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March 27, 2014 7:23 am

LAWRENCE AT LARGE: Flight 370’s fate recalls 1999 crash

Written by Tom Lawrence

The eerie final flight of Malaysia Airlines Flight 370 calls to mind another mystery flight that ended with the deaths of all aboard.

But while Flight 370 ended in the cold, deep waters of the southern Indian Ocean, according to Malaysian Prime Minister Najib Razak, the other flight came to earth in the barren Upper Midwest of the United States.

That tragedy occurred on Oct. 25, 1999, when pro golfer Payne Stewart and five others were killed when a Learjet crashed in rancher John Hoffman’s pasture near tiny Mina in Edmunds County, S.D. Unlike Flight 370, however, the Learjet’s last flight was closely observed, covered by the media and followed by millions before it came to a sudden end.

Stewart, 42, was wrapping up one of the best years of his career in 1999. He had won his second U.S. Open and was a key player in the USA’s victory in the Ruder Cup. The handsome, blond golfer wore knickers, argyle socks and a confident smile when he played.

On that fall morning, he was headed to Dallas, where he was planning to discuss building a course for his alma mater, Southern Methodist University, before preparing to play in The Tour Championship.

Pilot Michael Kling, 42, and co-pilot Stephanie Bellegarrigue, 27, were at the controls. Stewart was accompanied by agents Robert Fraley, 46, and Van Ardan, 45, and golf course designer Bruce Borland, 40, who worked with Jack Nicklaus on course design.

But something went terribly wrong less than a half hour into the flight. Efforts to contact the flight were unanswered. Three times, F-16 fighter jets flew to the plane to try to rouse someone, or to determine what was wrong.

All the pilots in the five jets could see were darkened windows, apparently from ice. There was no answer when they radioed, and no visible movement aboard the plane.

On Nov. 28, 2000, the National Transportation Safety Board issued a report that cited “incapacitation of the flight crewmembers as a result of their failure to receive supplemental oxygen following a loss of cabin pressurization, for undetermined reasons.”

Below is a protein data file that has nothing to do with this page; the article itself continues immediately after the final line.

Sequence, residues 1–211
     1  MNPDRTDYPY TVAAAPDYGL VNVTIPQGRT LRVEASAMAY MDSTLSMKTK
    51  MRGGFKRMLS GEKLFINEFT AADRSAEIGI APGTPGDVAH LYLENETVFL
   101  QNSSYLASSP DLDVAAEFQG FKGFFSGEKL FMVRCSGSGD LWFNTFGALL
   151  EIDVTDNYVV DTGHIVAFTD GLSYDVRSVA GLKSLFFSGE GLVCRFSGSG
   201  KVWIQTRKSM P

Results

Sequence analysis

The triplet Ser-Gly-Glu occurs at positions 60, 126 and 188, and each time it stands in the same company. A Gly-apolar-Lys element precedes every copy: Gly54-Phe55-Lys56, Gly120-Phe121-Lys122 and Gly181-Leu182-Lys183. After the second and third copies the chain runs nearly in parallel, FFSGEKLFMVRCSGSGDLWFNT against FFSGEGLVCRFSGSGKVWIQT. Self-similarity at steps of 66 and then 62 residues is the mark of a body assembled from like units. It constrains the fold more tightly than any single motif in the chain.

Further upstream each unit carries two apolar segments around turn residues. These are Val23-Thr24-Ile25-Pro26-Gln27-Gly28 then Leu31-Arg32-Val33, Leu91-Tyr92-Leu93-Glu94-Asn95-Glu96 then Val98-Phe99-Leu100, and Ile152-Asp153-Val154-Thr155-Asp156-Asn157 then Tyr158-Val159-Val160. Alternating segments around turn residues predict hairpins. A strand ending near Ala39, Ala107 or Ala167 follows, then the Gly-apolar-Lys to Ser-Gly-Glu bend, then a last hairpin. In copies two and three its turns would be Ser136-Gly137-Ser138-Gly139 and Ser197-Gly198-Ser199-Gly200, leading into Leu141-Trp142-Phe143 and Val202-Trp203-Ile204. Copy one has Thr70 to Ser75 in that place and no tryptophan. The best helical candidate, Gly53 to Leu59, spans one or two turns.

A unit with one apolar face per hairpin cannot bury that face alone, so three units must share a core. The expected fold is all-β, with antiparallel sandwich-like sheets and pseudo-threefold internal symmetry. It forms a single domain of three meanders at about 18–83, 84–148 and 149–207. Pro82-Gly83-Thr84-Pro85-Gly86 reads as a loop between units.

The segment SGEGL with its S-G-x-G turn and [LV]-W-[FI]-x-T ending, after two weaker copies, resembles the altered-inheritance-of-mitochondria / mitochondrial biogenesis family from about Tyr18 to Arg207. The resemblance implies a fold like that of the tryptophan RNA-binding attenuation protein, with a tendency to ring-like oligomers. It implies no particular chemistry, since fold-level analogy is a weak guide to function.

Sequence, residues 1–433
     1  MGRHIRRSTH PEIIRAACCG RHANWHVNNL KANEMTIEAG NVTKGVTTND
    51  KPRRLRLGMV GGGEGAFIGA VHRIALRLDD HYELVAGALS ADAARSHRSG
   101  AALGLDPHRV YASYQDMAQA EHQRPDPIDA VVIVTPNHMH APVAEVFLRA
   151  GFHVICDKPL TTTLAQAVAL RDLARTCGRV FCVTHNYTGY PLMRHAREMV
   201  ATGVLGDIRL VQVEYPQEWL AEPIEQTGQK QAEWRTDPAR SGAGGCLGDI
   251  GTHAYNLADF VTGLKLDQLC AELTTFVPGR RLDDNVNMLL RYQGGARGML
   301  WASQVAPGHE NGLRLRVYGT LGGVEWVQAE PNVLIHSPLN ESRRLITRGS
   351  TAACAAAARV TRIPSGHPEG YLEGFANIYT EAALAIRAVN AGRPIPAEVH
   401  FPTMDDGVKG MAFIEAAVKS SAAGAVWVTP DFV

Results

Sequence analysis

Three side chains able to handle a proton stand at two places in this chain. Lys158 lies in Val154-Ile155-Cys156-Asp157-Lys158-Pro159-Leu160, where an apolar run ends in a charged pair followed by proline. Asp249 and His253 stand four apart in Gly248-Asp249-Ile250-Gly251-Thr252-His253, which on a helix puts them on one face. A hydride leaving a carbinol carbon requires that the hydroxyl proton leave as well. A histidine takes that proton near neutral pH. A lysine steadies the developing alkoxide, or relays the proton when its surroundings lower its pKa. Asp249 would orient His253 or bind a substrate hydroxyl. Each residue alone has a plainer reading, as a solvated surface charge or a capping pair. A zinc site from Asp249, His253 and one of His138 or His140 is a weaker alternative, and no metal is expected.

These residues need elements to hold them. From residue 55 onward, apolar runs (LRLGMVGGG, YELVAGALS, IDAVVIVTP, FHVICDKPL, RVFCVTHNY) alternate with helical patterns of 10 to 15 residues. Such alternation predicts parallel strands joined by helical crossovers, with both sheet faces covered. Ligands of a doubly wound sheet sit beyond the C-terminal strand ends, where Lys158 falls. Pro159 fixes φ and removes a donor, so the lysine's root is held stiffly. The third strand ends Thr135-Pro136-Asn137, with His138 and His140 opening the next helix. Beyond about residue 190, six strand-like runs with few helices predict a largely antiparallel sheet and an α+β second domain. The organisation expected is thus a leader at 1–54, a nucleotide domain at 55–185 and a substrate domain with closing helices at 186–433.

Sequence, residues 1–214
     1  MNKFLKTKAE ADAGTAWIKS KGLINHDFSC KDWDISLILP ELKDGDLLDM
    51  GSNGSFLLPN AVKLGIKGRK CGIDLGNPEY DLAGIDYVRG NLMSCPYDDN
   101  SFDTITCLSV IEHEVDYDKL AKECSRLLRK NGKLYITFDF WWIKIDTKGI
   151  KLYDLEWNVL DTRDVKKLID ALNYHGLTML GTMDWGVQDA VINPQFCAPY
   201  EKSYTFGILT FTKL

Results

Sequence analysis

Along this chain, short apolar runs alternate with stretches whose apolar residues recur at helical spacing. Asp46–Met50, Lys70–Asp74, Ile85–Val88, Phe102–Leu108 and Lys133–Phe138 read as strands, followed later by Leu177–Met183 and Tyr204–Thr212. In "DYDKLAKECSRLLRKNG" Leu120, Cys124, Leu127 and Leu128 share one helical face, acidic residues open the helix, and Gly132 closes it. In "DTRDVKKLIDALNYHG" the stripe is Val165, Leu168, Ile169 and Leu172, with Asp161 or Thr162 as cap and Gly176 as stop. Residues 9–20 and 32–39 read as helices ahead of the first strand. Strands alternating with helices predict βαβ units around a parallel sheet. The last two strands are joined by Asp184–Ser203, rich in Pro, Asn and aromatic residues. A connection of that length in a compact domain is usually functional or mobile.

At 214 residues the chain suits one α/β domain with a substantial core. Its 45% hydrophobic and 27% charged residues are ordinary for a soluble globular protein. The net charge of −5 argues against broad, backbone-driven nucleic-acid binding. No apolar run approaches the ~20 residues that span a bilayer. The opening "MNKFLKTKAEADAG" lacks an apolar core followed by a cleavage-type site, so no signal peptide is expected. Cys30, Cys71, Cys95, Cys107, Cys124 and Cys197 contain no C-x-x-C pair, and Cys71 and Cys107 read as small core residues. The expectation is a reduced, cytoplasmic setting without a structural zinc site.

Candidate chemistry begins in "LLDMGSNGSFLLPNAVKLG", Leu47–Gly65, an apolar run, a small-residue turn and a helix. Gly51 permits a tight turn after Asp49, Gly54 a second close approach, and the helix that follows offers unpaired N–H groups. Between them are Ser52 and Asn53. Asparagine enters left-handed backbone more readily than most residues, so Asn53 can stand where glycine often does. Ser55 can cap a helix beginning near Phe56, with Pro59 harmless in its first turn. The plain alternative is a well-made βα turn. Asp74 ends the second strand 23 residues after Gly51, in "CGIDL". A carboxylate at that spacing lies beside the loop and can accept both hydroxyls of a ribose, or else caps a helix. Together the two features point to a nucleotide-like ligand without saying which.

It appears there was either a dramatic loss of pressure when the cabin developed a problem, or a slow loss of pressure that can cause people to lose the ability to make decisions. Either can be deadly aboard an airline.

The plane, loaded with fuel before it left Florida, flew for 1,500 miles and nearly four hours with no one at the controls before it ran dry. It spiraled to earth, with four fighter jets nearby, their pilots watching helplessly. Despite some reports, there were no orders to shoot the plane down if it neared populated areas.

It didn’t, of course, crashing in a remote spot in sparsely populated South Dakota. Back in 1999, Ken Dunn of Mina told USA Today he saw a Learjet flying high overhead, flanked by two F-16s.

“The one in trouble started flip-flopping, and then it just came straight down,” Dunn said. “I knew there was nothing there, just pieces.”

He drove to the scene and saw the huge hole in the flat ground. Pieces of the aircraft and the shattered remains of its passengers were scattered about. A stone memorial bearing the names of the six people was placed in the pasture in 2000.

Unlike those with loved ones on Flight 370, there was no long wait for the family of Stewart and the other five people on that ghostly flight across the country, no seemingly endless speculation, no rumors and wild conjectures. But the pain is surely the same.

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